How do you change the image of a country?
That's a question on the minds of many Mexicans these days. As Patrick Corcoran at ganchoblog points out, media coverage is "only a problem when you pull back and realize that 80 percent of the stories trickling to the States from Mexico are about security."
I lead with his point because it's the right one. These days, editors in the US are sending their correspondents down to Mexico with one instruction: "Cover the war."
Nothing else. Nothing about the arts, politics, lifestyles. And you wonder why the news out of Mexico is so grim. And once you get so set on one agenda like that, it's difficult to realize the difference between the reality of the situation and what you're covering. For instance: top officials have said that the homicide rate is actually lower in Mexico than it was a little over a decade ago. But you didn't see foreign journalists going crazy to cover every single killing then.
Today, when I go to any Mexican city, I look for drug-related news. I can't help it. I got caught up in the group-think and now that's the way I look at places. As a result, I'm having trouble finding interesting stories to write. Even if it's a positive story, correspondents tend to frame it in the context of the drug war these days. Which only contributes to the way the world looks at Mexico.
So how does one change the image of a country? First off, be responsible – that goes for governments and journalists alike. Don't pretend all's calm when in fact all is heading to hell in a handbasket. But be realistic, and contextualize. Mexico has always been a very dangerous country in comparison to the United States; but for more than a century, Americans have come here to retire, to travel, to enjoy the good life, to enjoy the warmth of the Mexican people. You can still do that these days, without any trouble. Step back and look at where and why the violence is occurring, and you'll see that there is plenty to do and see in Mexico without a worry. There are also many, many issues that resonate with the Mexican people other than security – most polls have in fact shown that security is not the No.1 concern, the economy is.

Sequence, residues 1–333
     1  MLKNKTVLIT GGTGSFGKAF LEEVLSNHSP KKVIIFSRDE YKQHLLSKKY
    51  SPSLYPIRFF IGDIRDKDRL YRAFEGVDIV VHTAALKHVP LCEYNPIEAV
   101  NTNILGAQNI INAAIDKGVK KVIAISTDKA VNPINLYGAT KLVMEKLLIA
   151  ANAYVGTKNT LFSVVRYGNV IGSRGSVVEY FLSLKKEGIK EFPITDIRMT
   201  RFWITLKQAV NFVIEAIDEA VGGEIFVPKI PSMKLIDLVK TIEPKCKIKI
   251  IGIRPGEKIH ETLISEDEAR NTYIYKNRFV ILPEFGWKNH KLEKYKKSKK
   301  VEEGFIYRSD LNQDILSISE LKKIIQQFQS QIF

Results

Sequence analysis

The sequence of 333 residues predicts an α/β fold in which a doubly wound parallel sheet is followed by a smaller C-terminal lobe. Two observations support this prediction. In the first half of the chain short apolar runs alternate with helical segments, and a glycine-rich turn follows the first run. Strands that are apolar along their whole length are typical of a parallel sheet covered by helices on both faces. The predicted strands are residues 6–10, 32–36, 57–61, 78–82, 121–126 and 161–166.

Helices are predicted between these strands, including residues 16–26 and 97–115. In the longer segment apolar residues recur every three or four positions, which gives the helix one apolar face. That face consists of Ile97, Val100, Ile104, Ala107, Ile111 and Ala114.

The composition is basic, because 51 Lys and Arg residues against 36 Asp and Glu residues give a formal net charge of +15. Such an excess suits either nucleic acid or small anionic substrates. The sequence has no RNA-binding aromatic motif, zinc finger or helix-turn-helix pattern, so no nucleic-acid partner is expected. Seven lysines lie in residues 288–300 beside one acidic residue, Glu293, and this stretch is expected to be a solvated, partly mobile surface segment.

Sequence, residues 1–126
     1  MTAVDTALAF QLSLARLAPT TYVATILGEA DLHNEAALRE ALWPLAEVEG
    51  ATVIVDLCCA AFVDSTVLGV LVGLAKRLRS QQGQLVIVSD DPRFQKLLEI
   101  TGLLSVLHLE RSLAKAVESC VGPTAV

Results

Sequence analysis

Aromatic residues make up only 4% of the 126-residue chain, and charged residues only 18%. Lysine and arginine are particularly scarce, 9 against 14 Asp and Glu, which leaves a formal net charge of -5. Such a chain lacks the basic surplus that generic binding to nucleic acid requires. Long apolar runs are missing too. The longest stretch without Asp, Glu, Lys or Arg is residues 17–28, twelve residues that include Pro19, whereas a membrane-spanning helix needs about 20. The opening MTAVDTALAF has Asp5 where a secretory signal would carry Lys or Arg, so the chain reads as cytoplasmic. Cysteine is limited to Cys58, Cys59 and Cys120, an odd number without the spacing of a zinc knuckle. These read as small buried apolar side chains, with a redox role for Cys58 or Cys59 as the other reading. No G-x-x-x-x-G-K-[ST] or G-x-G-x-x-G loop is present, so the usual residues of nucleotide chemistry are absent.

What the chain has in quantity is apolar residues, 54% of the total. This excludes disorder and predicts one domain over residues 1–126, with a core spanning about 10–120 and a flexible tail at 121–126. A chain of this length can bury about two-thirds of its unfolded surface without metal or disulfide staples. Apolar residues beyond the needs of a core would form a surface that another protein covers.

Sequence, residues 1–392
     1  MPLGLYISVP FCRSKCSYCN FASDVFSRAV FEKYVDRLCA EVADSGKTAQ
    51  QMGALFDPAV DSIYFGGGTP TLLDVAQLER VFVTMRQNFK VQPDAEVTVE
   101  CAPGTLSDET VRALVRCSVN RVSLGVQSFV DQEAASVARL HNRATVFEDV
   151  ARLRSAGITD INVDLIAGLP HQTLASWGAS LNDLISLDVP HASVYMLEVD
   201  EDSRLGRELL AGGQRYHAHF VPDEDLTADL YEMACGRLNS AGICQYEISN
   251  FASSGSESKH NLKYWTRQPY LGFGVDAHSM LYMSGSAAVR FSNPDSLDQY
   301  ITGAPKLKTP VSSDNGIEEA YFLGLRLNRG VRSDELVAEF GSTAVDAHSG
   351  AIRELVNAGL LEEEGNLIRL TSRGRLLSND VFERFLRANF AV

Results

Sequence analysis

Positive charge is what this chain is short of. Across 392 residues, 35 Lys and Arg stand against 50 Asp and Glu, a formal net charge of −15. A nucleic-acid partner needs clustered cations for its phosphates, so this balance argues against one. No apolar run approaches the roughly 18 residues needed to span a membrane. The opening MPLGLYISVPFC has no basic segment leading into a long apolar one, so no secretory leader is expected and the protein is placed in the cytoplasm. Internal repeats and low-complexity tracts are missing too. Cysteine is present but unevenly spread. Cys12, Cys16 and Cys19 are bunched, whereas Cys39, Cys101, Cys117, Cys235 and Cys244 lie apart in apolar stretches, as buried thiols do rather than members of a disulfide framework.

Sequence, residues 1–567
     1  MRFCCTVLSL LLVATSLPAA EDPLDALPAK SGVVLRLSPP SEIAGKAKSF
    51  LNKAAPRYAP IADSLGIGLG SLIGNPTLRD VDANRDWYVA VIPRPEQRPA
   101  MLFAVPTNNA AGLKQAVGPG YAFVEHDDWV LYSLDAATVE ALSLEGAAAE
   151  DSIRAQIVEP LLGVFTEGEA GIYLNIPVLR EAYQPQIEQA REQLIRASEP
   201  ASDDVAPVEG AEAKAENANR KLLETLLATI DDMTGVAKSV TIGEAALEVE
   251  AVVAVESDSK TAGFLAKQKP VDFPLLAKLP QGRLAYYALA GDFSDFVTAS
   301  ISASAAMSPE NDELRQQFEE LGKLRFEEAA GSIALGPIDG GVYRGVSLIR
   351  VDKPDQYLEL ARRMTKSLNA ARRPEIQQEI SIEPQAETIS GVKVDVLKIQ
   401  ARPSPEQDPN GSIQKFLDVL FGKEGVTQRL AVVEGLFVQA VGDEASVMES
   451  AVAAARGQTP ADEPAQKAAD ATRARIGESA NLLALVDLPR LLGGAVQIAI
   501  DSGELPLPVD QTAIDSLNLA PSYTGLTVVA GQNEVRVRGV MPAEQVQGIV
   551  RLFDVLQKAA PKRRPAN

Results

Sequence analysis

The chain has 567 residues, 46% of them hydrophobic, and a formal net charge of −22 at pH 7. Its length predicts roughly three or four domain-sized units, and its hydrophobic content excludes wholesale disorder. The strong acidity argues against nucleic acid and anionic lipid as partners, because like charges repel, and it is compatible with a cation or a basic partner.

The government, too, needs to start a serious campaign. Mexico does run the risk of becoming a global pariah like Colombia was 20-odd years ago. When I wrote a story about Medellin's transformation 10 years after Pablo Escobar's death in 2004, it was the first English-language story to positively describe the city since the 1930s. (At least, according to my research.) It did wonders for the city, as news article after news article with the same angle followed; foreign investment followed that.
Mexico does not want to ever be in the situation that Colombia was in during the 1980s. But there is a risk it might fall that far. The Calderon administration needs to move the media in the right direction. It needs to acknowledge the violence, but also focus the media's attention on the positive. (There are some positives: social movements afoot in Culiacan, Ciudad Juarez and the like, for instance). It desperately needs to give the foreign press more access to its reform strategies – judicial changes, for instance, which are very promising. It needs to – without spinning in a blindly optimistic/naive way – highlight Mexico's steps forward, if it actually is taking them. (At times, I definitely believe it is; at others, not so sure.)
After that, I'm at a loss. I've tried to change people's minds about countries before, but in large part, even on a one-to-one basis, it hasn't worked. In this world, there are people who want to look at things the way they've always looked at things, and these are often the people with the most power/clout (in government or in any organization), in large part because they don't look at developments or changes or try to see things in a new light. They're the people giving orders; if you want to keep your job, you tend to just do what they tell you most of the time. So if they tell you to cover the war, you do just that.